Monday, October 16, 2006

Commute Times, They Are A'Changing!

Submitted by Paul Ellis

Commuting trends are changing as baby boomers near retirement age at the same time that a large immigrant population has swelled the national labor force, according to a report just released by the Transportation Research Board. In the report, Commuting in America III, Virginia transportation expert Alan Pisarski examined U.S. Census data from 1990-2004 and compared data there to reports he filed in 1987 and 1996.

Among the report's findings:
  • Commutes are getting longer--the number of workers who reach their jobs in less than 20 minutes dropped to 47% in 2000 after hovering around 50% for decades, and commutes in 40 states increased by two to four minutes;
  • The number of older female drivers will increase dramatically as baby boomers work past age 65--as the percentage of the population over 65 rises sharply after 2010, a key question will be how many will continue to work and commute;
  • The percentage of Americans who walk to work dropped from 5.6% in 1980 to 3.9% in 1990 and 2.9% in 2000;
  • More than 4 million Americans now work from home--more now than those who walk to work--and a growing number of workers over age 55 are doing so;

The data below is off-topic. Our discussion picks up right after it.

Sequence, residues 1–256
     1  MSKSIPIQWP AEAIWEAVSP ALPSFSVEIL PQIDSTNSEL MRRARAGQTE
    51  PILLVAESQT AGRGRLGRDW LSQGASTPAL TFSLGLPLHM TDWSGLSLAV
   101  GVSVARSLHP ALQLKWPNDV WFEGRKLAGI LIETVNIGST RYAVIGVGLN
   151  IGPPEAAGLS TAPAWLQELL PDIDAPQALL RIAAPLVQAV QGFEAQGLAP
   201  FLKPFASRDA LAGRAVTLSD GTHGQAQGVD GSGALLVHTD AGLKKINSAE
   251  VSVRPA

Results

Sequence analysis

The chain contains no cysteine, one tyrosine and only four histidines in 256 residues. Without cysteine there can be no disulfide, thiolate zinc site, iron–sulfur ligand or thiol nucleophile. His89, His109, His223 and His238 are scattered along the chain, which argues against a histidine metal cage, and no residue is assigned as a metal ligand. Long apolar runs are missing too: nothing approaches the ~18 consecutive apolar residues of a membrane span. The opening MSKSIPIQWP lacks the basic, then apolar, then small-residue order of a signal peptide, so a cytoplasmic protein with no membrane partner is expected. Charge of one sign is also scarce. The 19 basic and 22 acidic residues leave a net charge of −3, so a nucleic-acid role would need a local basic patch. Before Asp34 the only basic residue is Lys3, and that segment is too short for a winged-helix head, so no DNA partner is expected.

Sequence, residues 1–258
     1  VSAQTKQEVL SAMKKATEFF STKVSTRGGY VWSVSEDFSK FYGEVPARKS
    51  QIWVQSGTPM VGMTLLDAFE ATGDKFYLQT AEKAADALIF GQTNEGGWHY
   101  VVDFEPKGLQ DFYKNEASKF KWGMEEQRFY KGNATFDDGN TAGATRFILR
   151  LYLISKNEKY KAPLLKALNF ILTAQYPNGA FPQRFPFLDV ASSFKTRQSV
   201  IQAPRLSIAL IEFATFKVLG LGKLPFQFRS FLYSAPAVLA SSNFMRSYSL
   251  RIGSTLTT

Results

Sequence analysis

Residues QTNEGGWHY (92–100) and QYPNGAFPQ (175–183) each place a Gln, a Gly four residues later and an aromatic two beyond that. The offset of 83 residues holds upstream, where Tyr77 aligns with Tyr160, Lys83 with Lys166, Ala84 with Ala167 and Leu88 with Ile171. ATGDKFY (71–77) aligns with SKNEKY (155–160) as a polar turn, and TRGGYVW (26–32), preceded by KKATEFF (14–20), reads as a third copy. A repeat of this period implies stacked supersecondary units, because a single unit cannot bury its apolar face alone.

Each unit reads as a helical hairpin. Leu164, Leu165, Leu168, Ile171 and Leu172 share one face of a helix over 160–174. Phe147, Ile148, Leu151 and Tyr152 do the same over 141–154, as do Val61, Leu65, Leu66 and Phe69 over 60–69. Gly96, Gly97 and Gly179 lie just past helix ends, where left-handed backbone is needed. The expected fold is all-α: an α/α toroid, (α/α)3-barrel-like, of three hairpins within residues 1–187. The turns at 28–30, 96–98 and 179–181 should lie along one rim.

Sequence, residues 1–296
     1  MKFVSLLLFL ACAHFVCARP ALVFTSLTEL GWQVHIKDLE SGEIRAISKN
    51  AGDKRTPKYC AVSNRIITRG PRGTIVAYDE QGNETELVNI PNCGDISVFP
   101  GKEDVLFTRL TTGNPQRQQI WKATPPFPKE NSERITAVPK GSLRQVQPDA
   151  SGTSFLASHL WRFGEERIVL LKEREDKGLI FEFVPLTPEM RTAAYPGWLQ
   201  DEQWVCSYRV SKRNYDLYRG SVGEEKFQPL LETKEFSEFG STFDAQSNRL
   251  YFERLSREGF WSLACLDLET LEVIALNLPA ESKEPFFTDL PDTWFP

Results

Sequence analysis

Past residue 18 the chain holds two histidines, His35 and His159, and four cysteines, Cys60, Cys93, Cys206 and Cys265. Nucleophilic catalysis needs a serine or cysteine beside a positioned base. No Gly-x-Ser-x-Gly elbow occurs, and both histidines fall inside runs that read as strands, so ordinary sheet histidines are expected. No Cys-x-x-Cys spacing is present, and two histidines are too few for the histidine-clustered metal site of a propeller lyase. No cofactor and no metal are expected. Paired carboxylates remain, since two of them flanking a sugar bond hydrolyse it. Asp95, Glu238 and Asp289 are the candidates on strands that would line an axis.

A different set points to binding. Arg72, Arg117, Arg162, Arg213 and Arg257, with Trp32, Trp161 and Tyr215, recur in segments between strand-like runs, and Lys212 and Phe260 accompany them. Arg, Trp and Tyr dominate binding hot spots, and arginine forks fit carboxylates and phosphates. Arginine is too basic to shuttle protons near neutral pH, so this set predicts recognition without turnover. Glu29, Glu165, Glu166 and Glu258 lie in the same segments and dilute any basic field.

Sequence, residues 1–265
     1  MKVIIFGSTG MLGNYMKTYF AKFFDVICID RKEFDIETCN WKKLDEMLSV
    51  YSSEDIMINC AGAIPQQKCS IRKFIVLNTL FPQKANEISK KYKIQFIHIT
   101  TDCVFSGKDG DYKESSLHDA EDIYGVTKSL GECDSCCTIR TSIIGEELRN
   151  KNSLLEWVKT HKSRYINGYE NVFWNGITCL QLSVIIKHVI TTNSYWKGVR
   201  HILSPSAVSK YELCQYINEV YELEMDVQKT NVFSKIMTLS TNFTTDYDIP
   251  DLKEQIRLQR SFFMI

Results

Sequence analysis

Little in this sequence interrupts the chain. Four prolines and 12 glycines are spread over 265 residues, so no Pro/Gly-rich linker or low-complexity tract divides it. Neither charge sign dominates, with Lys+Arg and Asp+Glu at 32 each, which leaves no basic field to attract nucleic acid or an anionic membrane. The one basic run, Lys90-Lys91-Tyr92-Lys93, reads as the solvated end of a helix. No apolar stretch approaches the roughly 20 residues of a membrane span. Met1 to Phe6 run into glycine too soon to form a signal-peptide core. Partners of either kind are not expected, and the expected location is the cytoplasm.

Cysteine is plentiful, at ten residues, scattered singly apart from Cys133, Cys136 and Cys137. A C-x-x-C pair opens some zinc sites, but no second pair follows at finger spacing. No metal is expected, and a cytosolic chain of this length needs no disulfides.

• Although immigrants make up less than 14 percent of all workers, they represent about 40 percent of those in large carpools;
  • Hispanics carpool at a rate double that for non-Hispanics (23% vs. 11%), and there has been a sharp drop in the percentage of African-American households without vehicles (from 31% in 1990 to about 24% in 2000);
  • Although commuting still dominates public discussion about transportation, it represents just a part of the demand Americans make on the system--work travel now only constitutes 16% of all trips.
Factsheets on the study's information and meaning are also available.

Paul Ellis is lead staff for RAMP; an employee of the Tacoma-Pierce County Chamber, Ellis led the Pierce County Transportation Advisory Committee (PCTAC), the community’s largest transportation planning effort.

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